Well, hmmm. Maybe the front end became misaligned when I drove his car off the side of a mountain? Or maybe it happened when the guy with the tractor towed us out of the sand? I decided there was no point in getting into any of that. He was so relieved that his car had turned up on time, without being stolen, he was happy to give me the $150 delivery fee.
I went to stay with some friends in Laurel Canyon. A few weeks later, I stopped at the Los Angeles office of AAACon, looking for a car that I could drive back to New York.
The trip taught me one thing. In the 50+ years since then, regardless of circumstances, I have never tolerated an accumulation of bug smears or dirt on a windshield. If I can’t see ahead clearly, and if the windshield washers won’t do the job, I stop and clean it by hand. Passengers sometimes give me an odd look. Like–does this guy have obsessive-compulsive disorder, or what?
It’s more like a religious ritual. Paying homage to the Spirit of 442, to show my appreciation for not being killed on that day in Colorado.
Thanks, loved your story.
Great story! I have obviously lived a very sheltered life. (And I may actually be thankful for that – I haven’t decided yet.)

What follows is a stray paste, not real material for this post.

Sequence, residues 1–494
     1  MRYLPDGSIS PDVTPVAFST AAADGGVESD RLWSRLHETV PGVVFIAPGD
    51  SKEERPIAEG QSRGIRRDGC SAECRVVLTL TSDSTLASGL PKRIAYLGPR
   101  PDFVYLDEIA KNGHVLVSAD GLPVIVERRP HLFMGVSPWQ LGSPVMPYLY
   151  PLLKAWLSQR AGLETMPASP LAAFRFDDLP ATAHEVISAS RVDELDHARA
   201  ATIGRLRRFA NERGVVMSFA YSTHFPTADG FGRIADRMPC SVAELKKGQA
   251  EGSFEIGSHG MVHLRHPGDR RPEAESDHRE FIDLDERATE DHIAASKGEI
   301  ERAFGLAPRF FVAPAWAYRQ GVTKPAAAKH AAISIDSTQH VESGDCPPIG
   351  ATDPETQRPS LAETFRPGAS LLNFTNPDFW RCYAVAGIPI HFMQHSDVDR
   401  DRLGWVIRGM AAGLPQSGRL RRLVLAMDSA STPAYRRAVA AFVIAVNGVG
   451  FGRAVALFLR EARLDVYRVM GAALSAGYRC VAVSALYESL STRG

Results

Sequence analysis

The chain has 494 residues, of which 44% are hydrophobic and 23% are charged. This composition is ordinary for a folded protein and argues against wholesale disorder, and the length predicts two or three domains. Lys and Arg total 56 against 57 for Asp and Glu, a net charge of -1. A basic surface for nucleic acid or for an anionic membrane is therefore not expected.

This was also a major case of the reverse CC effect, as I got an exciting ride in a ’71 442 W30 on Saturday. On Saturday I was at a picnic with my sons’ Boy Scout troop and one of the dads showed up with his toy. Bone stock except for Cragars and an Edelbrock carb. Nice metallic gold, with good patina. He offered me a ride, and laid 100′ of rubber down the park exit road, starting at a small speed bump. He was amused by my look of (almost) terror as we came to a blind crest in the road..
Oldsmobile Girl Magnet!
that one seemed to be a tow magnet
Rocket Power !
Great story and excellent writing style. Totally enjoyed it.
Another great read thank you Charles.A friend of my brothers had a brown 442 which nearly tore my head off when he floored it,stunning looks and performance where did Oldsmobile go wrong?
Fabulous story. My, what a sheltered life I have led.
Yes, but you’re alive and sane. Quite a few folks took some big risks in their youth and didn’t make it.